Even if the truth is considered as never definitive, there is a promise of a more complete and adequate truth. Without doubt, the finite being that we are cannot in the final account complete the task of knowledge; but in the limit where this task is accomplished, it consists in making the other become the Same. On the other hand, the idea of the Infinite implies a thought of the Unequal.
I start from the Cartesian idea of the Infinite, where the ideatum of this idea, that is, what this idea aims at, is infinitely greater than the very act through which one thinks it. There is a disproportion between the act and that to which the act gives access. One must thus admit to an infinite God who has put the idea of the Infinite into us.
But it is not the proof Descartes sought that interests me here. I am thinking here of the astonishment at this dis- proportion between what he calls the "objective reality" and the "formal reality" of the idea of God, of the very paradox so anti-Greek of an idea "put" into me, even though Socrates taught us that it is impossible to put an idea into a thought without it already having been found there. Now, in the face such as I describe its approach, is produced the same exceeding of the act by that to which it leads.
In the access to the face there is certainly also an access to the idea of God. In Descartes, the idea of the Infinite remains a theoretical idea, a contemplation, a knowledge. For my part, I think that the relation to the Infinite is not a knowledge, but a Desire.
I have tried to describe the difference between Desire and need by the fact that Desire cannot be satisfied; that Desire in some way nourishes itself on its own hungers and is augmented by its satisfaction; that Desire is like a thought which thinks more than it thinks, or more than what it thinks.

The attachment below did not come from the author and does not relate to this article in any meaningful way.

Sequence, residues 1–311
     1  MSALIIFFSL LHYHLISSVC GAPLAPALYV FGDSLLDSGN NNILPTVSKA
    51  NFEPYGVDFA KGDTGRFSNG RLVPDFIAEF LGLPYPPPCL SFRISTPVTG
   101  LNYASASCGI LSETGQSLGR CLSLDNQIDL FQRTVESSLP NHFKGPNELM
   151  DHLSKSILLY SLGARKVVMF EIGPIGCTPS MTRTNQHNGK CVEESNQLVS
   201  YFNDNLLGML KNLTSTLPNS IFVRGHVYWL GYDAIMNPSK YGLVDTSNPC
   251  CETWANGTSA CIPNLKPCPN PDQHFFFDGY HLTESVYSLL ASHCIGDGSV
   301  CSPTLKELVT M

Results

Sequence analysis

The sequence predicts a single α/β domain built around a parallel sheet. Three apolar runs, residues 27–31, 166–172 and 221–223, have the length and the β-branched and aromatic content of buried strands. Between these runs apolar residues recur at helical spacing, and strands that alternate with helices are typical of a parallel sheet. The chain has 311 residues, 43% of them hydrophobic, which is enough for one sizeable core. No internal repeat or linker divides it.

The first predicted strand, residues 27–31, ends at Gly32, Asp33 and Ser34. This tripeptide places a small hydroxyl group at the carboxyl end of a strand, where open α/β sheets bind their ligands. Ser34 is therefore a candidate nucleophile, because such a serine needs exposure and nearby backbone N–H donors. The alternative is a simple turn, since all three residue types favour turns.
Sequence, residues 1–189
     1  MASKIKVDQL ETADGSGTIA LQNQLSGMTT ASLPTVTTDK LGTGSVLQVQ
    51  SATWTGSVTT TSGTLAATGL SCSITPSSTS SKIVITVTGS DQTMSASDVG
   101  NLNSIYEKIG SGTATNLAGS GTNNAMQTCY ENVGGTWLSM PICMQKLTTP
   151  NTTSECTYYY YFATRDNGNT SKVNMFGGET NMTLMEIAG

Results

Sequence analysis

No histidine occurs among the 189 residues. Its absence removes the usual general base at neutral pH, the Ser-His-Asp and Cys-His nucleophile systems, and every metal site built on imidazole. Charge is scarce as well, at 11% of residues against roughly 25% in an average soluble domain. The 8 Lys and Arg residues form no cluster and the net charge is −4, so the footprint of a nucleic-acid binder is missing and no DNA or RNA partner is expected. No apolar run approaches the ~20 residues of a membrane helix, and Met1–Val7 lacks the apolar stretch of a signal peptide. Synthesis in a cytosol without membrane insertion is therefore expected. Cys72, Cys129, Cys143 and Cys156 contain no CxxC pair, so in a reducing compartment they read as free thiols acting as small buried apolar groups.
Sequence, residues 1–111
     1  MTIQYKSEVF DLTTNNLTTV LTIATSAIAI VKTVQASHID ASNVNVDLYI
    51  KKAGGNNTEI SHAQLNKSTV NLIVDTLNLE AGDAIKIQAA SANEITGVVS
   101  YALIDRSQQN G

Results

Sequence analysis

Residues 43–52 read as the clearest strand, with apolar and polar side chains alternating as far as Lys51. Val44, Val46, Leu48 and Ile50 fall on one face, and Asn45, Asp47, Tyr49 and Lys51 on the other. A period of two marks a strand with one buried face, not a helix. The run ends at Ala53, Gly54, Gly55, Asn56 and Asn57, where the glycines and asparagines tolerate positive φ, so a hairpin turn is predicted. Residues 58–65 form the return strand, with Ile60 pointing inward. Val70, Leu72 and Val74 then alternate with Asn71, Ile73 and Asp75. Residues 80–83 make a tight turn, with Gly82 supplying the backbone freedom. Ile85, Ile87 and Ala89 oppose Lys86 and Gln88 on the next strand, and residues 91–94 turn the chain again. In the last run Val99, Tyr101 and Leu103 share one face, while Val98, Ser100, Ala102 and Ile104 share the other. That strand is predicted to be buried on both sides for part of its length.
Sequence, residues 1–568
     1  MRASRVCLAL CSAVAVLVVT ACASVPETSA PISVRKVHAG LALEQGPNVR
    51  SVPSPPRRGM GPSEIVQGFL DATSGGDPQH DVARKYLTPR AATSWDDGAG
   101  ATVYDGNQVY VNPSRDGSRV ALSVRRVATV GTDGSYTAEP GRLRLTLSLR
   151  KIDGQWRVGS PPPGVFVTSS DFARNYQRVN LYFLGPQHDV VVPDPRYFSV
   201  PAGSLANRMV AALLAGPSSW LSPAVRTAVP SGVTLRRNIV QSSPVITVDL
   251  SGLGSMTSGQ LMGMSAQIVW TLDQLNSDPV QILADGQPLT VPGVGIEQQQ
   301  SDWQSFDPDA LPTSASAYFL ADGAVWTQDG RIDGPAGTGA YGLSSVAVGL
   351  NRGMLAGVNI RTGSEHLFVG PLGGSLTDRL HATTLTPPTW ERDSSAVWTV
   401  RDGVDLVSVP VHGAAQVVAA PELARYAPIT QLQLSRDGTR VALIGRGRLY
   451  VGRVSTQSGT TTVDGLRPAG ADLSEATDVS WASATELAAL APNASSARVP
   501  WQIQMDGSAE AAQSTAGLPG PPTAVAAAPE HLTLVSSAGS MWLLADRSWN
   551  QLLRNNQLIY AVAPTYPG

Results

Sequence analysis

It is a paradoxical structure, without doubt, but one which is no more so than this presence of the Infinite in a finite act. Chapter Eight Ph. Husserl had already spoken of responsibility, but of a responsibility for the truth; Heidegger had spoken of authenticity; as for yourself, what do you understand by responsibility? For I describe subjectivity in ethical terms. Ethics, here, does not supplement a preceding existential base; the very node of the subjective is knotted in ethics understood as responsibility.
I understand responsibility as responsibility for the Other, thus as responsibility for what is not my deed, or for what does not even matter to me; or which precisely does matter to me, is met by me as face.
You recall what we said: meeting the face is not of the order of pure and simple perception, of the intentionality which goes toward adequation.
Positively, we will say that since the Other looks at me, I am responsible for him, without even haying taken on responsibilities in his regard; his responsibility is incumbent on me. It is responsibility that goes beyond what I do.
Usually, one is responsible for what one does oneself. I say, in Otherwise than Being, that responsibility is initially a for the Other. This means that I am responsible for his very responsibility. Subjectivity is not for itself; it is, once again, initially for another. In the book, the proximity of the Other is presented as the fact that the Other is not simply close to me in space, or close like a parent, but he approaches me essentially insofar as I feel myself insofar as I am responsible for him.
It is a structure that in nowise resembles the intentional relation which in knowledge attaches us to the object to no matter what object, be it a human object. Proximity does not revert to this intentionality; in particular it does not revert to the fact that the Other is known to me. The tie with the Other is knotted only as responsibility, this moreover, whether accepted or refused, whether knowing or not knowing how to assume it, whether able or unable to do something concrete for the Other.
To say: here I am [me voici].